Help Set The Progressive Agenda On Habeas Corpus
Hello Fire Dog Lake! The byline is not a misprint, and this is indeed Chris Bowers, formerly a full-time blogger for MyDD. In a little less than two weeks, I will be starting a new website with Matt Stoller and Mike Lux. In the meantime, Jane and Christy have been nice enough to allow me to post on Fire Dog Lake concerning a project we have been working on with The Alliance for Justice over the past month. Specifically, the project is a public opinion survey commissioned by the Alliance for Justice on Habeas Corpus and other civil liberties issues, and they are looking for input from the blogosphere on the construction of the poll. You can read the current draft of the survey here:
The current draft of the survey was written by Guy Molyneux of Peter Hart Research Associates, with some help from the MyDD community (for background information on the collaborative work that has taken place thus far, see here, here and here). In less than a week, the poll will go into the field. Appropriately, we will be asking Americans about civil liberties around July 4th. However, before the phone calls begin, Guy would like some more feedback on the survey. I am here today to ask the readers of Fire Dog Lake to check out the survey and, in the comments, offer him suggestions, revisions and other edits on how you feel the survey could be changed, expanded, improved or otherwise altered.
Now, there is an off chance that, like me, you are a polling geek who would jump at the chance to help draft a real public opinion survey and, as such, wouldn’t hesitate to read it over and offer suggestions. More likely, however, when presented with a proposal like this you may ask, “why should I help out some advocacy organization draft a poll on habeas corpus?” Either way, I can think of at least two good reasons why you should read this survey and offer suggestions on how to make it better.
First, polling helps set agendas. As such, the progressive netroots and blogosphere need to have a voice in how more polls are constructed. Whether we like it or not, polling helps campaigns, elected officials, and advocacy organizations determine how they frame messaging and construct legislation on a variety of issues. In fact, I would argue that they are right to do so because, when done properly, polling has been an accurate means of determining public opinion on any given issue for seventy years now. This poll will help not only the Alliance for Justice, but indeed the entire progressive ecosystem, determine how it will talk about Habeas Corpus another civil liberties issues in the national media. Further, it even has the potential to help determine how Democrats in Congress will approach legislation on this issue in the immediate future. Considering this, it is imperative for grassroots and netroots progressives to make sure that our best ideas and our messages are tested in polls like this sort. This is a process we cannot afford to sit out.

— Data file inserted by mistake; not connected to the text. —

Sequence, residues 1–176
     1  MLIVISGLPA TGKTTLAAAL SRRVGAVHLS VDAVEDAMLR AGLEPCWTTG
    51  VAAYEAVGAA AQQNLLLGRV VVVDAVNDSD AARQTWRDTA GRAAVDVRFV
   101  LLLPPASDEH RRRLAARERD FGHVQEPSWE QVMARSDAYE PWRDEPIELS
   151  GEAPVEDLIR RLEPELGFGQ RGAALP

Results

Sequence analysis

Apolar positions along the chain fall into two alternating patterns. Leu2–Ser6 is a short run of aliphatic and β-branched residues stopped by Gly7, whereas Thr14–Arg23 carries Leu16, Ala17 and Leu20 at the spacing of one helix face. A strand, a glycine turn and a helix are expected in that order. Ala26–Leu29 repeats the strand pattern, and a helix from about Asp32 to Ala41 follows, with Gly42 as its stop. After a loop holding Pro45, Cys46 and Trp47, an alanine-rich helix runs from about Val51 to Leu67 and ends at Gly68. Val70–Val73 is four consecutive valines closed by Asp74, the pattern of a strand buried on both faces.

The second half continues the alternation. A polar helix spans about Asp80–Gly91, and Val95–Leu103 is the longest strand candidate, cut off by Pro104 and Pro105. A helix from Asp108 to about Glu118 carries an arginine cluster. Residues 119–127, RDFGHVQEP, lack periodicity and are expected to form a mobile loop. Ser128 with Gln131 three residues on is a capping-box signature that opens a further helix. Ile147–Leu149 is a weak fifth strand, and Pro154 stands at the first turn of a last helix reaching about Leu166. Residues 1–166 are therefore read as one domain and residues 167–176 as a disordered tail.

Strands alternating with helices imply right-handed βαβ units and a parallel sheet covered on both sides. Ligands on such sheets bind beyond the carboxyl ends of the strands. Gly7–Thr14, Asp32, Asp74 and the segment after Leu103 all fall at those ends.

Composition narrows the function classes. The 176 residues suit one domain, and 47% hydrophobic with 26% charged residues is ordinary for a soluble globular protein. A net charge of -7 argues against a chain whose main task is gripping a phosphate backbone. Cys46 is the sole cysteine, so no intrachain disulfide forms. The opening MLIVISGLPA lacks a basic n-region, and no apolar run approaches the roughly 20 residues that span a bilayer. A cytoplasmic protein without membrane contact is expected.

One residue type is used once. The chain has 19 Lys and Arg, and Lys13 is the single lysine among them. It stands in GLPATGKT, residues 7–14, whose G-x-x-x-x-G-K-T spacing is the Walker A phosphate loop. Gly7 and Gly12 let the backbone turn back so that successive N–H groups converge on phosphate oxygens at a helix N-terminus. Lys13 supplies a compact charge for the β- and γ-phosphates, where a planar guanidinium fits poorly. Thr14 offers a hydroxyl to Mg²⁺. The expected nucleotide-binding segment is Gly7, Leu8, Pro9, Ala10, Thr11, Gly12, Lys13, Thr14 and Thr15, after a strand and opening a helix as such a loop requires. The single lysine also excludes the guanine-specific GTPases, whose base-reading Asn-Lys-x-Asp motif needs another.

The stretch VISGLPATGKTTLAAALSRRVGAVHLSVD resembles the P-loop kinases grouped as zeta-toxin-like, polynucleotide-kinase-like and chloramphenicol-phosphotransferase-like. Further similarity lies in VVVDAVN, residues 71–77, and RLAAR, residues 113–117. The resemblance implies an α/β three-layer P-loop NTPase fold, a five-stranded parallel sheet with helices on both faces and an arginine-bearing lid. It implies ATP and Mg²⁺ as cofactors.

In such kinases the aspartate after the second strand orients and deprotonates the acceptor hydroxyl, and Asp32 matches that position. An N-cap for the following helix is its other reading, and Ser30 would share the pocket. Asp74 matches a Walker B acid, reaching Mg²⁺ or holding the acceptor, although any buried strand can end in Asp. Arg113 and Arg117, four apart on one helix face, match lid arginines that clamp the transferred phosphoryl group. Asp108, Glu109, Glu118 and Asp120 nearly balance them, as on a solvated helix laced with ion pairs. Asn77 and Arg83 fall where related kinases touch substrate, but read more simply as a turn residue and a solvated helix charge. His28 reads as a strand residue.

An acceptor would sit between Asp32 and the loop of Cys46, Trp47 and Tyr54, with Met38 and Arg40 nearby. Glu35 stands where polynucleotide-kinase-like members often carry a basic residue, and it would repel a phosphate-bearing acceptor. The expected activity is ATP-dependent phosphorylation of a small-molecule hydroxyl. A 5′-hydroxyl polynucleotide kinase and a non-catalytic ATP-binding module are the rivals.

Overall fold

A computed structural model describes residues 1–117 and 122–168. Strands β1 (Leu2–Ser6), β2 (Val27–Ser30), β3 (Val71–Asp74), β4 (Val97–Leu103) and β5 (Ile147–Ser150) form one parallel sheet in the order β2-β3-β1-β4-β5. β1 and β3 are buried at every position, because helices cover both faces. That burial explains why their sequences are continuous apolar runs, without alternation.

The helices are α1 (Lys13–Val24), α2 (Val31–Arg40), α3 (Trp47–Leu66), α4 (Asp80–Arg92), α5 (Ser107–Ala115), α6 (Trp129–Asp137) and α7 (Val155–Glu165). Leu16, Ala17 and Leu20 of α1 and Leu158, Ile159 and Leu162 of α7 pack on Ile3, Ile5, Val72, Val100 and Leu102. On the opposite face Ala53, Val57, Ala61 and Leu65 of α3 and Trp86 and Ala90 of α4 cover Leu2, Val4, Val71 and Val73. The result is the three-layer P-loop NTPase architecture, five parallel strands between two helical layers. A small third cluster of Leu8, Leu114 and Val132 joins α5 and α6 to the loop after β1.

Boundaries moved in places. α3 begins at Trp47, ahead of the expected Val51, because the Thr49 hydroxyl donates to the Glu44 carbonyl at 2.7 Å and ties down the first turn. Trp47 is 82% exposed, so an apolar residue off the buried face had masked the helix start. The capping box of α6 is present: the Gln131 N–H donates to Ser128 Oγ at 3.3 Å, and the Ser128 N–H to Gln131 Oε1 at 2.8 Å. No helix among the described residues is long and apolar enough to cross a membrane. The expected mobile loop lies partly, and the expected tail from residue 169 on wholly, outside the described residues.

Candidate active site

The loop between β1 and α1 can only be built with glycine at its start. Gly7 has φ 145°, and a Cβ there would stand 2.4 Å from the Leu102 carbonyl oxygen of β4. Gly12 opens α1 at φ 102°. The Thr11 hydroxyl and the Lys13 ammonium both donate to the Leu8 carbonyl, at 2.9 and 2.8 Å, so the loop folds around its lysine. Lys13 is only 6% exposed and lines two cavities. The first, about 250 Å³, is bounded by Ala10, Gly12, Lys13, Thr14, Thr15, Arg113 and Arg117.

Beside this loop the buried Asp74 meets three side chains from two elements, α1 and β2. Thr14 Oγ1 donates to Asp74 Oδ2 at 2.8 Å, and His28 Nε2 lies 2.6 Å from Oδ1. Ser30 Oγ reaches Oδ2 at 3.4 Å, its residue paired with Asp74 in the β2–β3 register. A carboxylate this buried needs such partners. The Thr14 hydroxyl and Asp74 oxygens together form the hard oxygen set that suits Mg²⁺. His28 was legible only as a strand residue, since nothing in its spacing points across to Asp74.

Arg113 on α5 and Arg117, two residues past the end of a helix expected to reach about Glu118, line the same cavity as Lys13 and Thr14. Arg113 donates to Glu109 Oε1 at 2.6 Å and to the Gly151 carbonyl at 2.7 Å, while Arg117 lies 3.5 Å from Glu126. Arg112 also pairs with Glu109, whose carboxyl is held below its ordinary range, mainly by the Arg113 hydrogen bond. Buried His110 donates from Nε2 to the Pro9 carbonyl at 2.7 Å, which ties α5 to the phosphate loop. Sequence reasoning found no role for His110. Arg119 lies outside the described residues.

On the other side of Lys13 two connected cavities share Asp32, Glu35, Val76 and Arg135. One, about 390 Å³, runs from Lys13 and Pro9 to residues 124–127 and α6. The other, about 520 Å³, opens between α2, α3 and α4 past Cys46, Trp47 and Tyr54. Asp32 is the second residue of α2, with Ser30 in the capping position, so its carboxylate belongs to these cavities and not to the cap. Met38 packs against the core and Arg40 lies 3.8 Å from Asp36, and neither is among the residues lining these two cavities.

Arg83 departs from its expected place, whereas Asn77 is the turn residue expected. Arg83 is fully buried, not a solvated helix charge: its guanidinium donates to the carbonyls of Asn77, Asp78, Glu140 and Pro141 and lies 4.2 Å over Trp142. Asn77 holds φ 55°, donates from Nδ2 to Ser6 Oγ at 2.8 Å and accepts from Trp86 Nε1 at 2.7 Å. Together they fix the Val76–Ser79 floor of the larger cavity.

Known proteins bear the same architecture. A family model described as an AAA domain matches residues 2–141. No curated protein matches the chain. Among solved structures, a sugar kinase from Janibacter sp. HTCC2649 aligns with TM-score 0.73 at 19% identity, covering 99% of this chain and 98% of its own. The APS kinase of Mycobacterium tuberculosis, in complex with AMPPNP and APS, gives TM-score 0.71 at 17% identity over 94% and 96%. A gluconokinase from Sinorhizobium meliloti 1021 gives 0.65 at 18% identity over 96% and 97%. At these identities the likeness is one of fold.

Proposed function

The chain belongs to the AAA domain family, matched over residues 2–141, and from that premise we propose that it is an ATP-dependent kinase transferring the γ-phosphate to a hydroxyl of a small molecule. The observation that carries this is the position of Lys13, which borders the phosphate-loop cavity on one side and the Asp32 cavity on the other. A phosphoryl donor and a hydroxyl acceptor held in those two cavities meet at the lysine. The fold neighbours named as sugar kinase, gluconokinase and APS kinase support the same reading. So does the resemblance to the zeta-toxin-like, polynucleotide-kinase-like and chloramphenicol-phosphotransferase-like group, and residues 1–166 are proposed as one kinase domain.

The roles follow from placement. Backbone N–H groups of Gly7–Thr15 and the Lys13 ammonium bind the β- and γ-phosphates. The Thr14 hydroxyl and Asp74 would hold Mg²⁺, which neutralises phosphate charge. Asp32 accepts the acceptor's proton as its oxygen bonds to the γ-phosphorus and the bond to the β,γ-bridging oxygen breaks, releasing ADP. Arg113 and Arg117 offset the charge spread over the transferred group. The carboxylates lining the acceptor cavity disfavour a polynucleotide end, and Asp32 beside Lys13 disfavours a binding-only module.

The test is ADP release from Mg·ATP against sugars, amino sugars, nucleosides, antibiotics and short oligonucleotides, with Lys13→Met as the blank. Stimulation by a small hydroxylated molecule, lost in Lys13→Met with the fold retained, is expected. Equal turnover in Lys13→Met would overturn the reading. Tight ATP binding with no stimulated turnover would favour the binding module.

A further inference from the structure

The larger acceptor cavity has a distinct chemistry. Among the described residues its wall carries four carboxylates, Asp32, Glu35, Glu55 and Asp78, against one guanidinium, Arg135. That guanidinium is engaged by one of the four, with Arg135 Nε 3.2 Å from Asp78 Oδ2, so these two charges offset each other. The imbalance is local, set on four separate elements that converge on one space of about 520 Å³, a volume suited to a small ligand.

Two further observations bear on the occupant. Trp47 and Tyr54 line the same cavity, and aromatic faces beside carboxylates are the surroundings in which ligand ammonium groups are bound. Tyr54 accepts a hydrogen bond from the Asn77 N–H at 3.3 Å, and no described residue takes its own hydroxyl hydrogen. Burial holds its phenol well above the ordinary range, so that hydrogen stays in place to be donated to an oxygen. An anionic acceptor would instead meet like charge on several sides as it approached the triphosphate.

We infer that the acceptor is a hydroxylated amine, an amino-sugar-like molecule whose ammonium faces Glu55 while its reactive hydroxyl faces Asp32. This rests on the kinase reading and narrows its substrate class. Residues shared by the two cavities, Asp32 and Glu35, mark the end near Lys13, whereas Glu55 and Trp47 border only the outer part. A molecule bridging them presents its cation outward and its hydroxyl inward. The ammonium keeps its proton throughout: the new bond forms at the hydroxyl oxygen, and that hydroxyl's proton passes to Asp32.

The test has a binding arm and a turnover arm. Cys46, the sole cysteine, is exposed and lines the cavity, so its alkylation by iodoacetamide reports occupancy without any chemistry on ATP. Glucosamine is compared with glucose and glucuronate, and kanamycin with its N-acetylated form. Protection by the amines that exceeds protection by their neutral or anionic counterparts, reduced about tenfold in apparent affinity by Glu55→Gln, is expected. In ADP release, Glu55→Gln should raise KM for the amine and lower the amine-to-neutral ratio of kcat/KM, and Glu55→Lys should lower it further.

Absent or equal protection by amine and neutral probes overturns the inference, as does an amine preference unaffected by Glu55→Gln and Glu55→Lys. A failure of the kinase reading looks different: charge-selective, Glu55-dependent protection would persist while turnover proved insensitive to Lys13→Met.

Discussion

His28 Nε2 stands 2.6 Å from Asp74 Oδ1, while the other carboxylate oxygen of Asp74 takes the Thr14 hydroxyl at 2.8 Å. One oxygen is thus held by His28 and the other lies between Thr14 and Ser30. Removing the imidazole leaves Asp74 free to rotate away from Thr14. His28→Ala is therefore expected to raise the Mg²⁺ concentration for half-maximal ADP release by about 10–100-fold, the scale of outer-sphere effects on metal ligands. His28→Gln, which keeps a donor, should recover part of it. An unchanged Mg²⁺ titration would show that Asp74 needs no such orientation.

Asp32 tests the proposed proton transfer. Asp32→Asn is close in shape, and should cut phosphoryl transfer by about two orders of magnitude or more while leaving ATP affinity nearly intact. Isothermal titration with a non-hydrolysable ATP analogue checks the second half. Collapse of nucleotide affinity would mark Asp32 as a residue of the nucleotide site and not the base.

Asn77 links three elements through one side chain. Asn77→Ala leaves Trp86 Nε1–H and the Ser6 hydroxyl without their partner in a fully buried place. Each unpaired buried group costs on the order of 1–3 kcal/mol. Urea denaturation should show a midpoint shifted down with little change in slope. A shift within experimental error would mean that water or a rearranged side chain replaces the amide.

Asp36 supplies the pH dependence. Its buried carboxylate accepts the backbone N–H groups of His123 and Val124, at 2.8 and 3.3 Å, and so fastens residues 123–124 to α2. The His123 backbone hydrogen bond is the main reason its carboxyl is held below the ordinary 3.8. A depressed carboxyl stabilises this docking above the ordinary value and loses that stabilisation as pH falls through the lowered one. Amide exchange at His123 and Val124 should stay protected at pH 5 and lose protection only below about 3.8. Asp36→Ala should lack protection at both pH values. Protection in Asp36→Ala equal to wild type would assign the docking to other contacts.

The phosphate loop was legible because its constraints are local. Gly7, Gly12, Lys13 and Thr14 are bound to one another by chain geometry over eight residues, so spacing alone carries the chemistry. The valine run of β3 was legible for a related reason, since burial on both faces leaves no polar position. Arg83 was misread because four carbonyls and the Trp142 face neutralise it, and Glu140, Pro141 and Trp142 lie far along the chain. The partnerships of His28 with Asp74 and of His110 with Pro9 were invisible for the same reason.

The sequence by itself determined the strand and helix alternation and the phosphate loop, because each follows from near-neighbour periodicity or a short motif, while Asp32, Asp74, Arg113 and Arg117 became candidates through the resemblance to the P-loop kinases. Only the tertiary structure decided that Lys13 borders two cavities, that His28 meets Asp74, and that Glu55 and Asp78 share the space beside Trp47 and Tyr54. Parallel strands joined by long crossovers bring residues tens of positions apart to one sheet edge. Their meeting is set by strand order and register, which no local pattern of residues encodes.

Second, as important as it is, polling is a political tool that has generally been out of the reach of grassroots and netroots activists. Simply put, telephone polls are expensive, and we in the progressive blogosphere cannot afford many of them. For quite some time now, we have struggled to find sustainable funding that will allow us simply to pay bloggers a living wage, or to provide them with health care. Given the shoestring budget on which the blogosphere operates, we just don’t have the resources to shell out $10,000–$20,000 on a single telephone poll. However, in this circumstance, the Alliance for Justice has offered to bring us into the process of drafting the poll, free of charge. So, we can take part in an important, agenda-setting process, and it won’t cost us anything. That sounds like a good deal to me.
So, help set the progressive agenda on Habeas Corpus and related civil liberties issues. Look over the survey. In the comments, let us know what you would like to see included in the survey that isn’t already there, and / or offer suggestions on how you think is currently in the survey can be improved. Guy Molyneux will be looking through them over the weekend, and incorporating your suggestions into his final draft. Also, even though I have to run for a few hours, I look forward to reading what you have to say as well. As I indicated above, I am indeed something of a polling geek, and any comments and questions people have about public opinion surveys are of great interest to me.